The Itch

Its mysterious power may be a clue to a new theory about brains and bodies.

  1. It was still shocking to M. how much a few wrong turns could change your life. She had graduated from Boston College with a degree in psychology, married at twenty-five, and had two children, a son and a daughter. She and her family settled in a town on Massachusetts’ southern shore. She worked for thirteen years in health care, becoming the director of a residence program for men who’d suffered severe head injuries. But she and her husband began fighting. There were betrayals. By the time she was thirty-two, her marriage had disintegrated. In the divorce, she lost possession of their home, and, amid her financial and psychological struggles, she saw that she was losing her children, too. Within a few years, she was drinking. She began dating someone, and they drank together. After a while, he brought some drugs home, and she tried them. The drugs got harder. Eventually, they were doing heroin, which turned out to be readily available from a street dealer a block away from her apartmen...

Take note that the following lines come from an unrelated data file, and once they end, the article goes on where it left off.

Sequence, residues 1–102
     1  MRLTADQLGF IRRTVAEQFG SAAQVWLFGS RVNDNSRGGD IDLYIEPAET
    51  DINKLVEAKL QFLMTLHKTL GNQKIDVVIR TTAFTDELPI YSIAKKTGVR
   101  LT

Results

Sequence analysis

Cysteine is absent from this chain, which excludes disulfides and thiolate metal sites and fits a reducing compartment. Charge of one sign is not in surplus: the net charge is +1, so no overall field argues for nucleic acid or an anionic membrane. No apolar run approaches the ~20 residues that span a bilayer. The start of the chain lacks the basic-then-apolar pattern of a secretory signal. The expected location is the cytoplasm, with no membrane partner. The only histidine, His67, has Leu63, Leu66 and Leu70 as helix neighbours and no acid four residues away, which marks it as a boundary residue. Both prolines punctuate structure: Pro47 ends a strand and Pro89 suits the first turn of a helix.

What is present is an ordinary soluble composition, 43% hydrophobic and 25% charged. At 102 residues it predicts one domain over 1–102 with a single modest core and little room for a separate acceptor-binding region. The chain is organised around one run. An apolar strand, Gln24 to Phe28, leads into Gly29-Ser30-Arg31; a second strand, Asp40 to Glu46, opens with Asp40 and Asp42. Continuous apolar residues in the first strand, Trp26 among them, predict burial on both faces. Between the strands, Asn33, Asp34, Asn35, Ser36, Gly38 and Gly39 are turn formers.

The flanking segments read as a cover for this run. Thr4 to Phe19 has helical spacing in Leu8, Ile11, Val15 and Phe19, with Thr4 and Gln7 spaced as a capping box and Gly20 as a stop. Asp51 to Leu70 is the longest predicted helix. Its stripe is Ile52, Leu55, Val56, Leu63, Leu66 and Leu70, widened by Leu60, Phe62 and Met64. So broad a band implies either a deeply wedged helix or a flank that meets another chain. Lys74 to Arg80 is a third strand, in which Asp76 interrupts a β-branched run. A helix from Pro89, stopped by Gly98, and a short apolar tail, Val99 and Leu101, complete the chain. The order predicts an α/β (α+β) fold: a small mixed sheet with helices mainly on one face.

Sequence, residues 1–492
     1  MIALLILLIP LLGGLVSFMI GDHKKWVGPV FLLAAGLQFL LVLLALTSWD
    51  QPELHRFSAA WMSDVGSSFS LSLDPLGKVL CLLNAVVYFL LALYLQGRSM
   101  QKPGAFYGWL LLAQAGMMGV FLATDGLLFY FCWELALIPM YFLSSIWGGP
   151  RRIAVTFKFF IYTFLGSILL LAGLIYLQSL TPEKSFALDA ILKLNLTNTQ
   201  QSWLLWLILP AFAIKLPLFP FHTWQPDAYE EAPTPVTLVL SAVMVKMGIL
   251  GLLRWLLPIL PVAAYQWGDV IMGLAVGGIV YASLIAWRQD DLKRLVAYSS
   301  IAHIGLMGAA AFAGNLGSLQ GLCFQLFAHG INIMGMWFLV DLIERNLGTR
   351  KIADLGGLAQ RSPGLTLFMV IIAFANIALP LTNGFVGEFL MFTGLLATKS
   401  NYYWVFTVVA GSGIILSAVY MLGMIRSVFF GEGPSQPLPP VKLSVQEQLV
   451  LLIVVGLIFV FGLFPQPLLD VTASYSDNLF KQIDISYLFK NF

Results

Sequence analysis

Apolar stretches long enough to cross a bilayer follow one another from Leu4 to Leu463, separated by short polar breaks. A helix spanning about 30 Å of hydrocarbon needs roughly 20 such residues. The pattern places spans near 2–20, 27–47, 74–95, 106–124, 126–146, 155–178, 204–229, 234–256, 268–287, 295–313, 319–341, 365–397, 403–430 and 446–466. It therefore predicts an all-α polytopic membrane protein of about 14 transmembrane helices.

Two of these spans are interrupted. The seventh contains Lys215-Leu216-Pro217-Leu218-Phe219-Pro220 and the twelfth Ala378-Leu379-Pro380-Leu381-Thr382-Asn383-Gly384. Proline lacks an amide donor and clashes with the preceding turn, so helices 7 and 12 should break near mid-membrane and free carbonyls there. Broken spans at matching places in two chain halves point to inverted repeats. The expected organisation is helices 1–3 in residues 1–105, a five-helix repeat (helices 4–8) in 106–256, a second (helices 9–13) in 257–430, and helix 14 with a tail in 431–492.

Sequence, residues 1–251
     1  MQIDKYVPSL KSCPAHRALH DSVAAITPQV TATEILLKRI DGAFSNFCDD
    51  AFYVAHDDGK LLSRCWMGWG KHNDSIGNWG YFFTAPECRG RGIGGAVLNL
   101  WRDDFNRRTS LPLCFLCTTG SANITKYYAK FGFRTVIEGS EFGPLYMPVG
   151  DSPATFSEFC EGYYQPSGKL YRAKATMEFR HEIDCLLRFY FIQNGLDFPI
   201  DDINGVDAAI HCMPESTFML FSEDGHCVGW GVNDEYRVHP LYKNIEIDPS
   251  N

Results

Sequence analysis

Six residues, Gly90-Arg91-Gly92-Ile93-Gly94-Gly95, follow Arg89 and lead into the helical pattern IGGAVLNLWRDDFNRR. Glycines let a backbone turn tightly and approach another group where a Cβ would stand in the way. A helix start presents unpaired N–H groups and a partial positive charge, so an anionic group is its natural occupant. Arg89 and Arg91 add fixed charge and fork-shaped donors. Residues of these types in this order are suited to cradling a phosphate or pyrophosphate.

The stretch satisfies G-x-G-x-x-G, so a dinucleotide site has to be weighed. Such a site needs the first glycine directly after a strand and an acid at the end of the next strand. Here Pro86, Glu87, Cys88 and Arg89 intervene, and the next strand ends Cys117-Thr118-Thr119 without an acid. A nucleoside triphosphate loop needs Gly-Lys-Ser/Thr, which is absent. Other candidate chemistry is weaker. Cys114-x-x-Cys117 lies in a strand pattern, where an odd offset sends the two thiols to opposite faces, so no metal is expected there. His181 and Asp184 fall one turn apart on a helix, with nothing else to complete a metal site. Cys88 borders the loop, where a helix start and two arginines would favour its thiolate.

The complete text of “The Itch” is not in the Byliner library, but we love it so much we included an excerpt and a link to the full story on www.newyorker.com.

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